Unless you have gone to culinary school or love talking about food, you are not familiar with the Maillard reaction coined after the French chemist Louis-Camille Maillard. It is this reaction that gives grilled meat and veggies it characteristic pigments and flavors. The reaction rearranges amino acids and simple sugars in the food to create complex flavors and smells that we have come to love.
Foods that are boiled, poached, or steamed do not go through the Maillard reaction because the temperatures are not high enough to dehydrate the surface of the food. Foods grilled, roasted, or otherwise cooked at temperatures above the boiling point of water create this complex and delicious flavor.
The chemical reactions that occur at these high temperatures may be great for flavor but may create carcinogens. For example cooking starch at high heats like making potato chips creates acrylamide, a toxin that has been linked to cancer in the reproductive system. When we bake or grill, it leads to production of glycotoxins which create inflammation in the body. Sometimes we are referred to as advanced glycation end products (AGEs) and lipoxidation end products (ALEs). They have all been linked to diabetes and dementia (Tareka, 2002).
Grilled meat creates the formation of heterocyclic amines (HCA’s) and polycyclic aromatic hydrocarbons (PAHs) which have been found to cause breast cancer, colorectal and prostate cancer (Zheng, 2009). Read more here: http://www.cancer.gov/cancertopics/factsheet/Risk/cooked-meats. When we think of grilling, we are usually referring to charcoal grills. The additional toxins that are part of charcoal combustion are toluene, formaldehyde, and acetaldehyde as well as heavy metals including mercury and cadmium (Susaya, 2010). Using cooking gas can also coat the food with un-burnt fuel such and benzopyrene which is a PAH (Kozlowski, 1993).
It is summer and sometimes there is nothing better than grilling outside. The body has natural detoxification pathways that can detoxify the HCA’s, PAH’s, AGE’s and ALE’s. Because of this, the key is to not allow these compounds to accumulate beyond the body’s ability to remove them. Depending on your vitality and digestive strength it is generally ok to grill 1-2 times a week on a seasonal basis.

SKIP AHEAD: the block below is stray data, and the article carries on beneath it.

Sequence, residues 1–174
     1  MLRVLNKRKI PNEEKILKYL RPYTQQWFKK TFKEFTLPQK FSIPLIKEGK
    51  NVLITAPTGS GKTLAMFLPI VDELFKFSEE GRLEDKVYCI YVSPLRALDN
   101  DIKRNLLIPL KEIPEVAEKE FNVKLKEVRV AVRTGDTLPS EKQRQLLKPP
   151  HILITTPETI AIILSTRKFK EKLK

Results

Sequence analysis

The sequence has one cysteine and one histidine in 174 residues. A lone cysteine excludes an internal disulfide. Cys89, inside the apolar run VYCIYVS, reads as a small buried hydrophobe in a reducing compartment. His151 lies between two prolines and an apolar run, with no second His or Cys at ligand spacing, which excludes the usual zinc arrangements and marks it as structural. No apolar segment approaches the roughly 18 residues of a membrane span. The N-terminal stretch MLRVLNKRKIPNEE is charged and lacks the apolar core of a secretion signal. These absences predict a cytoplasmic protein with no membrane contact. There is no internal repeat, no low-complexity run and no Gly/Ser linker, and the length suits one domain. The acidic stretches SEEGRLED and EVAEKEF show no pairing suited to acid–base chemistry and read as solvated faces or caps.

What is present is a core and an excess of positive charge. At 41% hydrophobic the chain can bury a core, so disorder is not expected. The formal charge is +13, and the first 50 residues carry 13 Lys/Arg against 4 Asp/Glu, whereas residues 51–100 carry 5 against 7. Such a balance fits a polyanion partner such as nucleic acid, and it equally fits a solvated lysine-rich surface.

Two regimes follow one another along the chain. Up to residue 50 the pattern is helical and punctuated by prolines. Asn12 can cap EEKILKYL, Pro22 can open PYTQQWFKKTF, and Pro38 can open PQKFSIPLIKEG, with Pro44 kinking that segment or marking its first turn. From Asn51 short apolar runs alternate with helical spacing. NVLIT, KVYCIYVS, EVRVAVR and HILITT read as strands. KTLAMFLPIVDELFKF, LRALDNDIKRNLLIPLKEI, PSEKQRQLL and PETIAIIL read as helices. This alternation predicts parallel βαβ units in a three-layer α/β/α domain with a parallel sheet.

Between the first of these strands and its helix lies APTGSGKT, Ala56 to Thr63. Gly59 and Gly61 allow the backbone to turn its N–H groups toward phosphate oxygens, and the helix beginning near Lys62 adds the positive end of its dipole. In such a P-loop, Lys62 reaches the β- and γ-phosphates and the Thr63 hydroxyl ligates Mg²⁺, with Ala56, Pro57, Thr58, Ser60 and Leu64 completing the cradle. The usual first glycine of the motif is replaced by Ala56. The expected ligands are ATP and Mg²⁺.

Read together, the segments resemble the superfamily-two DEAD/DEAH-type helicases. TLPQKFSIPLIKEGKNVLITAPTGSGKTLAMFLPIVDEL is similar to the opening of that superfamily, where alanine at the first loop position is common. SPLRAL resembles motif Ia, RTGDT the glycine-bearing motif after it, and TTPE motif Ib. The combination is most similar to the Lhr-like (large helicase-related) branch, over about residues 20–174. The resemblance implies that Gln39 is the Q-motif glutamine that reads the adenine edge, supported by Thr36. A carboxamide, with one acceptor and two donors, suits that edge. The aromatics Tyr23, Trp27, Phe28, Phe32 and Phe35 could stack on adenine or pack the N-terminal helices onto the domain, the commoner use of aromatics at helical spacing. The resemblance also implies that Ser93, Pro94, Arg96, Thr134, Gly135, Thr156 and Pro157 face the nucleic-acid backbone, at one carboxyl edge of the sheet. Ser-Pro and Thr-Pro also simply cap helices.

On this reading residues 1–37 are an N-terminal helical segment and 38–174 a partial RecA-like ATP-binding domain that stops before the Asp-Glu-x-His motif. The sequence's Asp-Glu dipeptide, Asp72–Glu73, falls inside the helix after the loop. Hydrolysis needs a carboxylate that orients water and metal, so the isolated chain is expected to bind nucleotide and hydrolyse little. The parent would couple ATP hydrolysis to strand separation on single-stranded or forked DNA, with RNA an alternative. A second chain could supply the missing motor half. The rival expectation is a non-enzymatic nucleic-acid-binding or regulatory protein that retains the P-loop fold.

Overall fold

In order to minimize your exposure, please keep these points in mind:
- Keep a clean cooking surface and favor a stainless steel or cast iron surface if you are sautéing on high heat instead of nonstick ceramic surfaces. If using an outdoor grill, make sure to remove any rust, charred meat or anything else.
- Give preference to propane over charcoal as the fuel source for the grill and keep the heat low in order to prevent the grill from flaming and charring the food.
- Garlic is often used in marinades and in addition to providing flavor it also limits the production of HCA’s.
If you love flavor, just remember there are many ways to minimize your exposure to toxic carcinogens while enjoying the foods you love.
Kabir E Kim KH, Ahn JW, Hon OF, Sohn JR. 2010 Barbecue charcoal and carbonyls. J Hazard Mater. 174(1-3);492-9
Kozlowski, J. 1993. Gas cookers as a source of benzopyrene emission. Rocz Panstw Zakl Hig. 44(2-3);277-9
Susaya J, Kim KH, Ahn JW, Jun MC, Kang CH, 2010. BBQ charcoal combustion as an important source of trace metal exposure to humans. J Hazard Mater. 176 (1-3);932-7
Tareke E; Rydberg P. et al. (2002). “Analysis of acrylamide, a carcinogen formed in heated foodstuffs”. J. Agric. Food. Chem.50 (17): 4998–5006.
Zheng, W Lee SA. 2009. Well done meat intake, heterocyclic amine exposure and cancer risk. Nutr Cancer. 61(4);437-46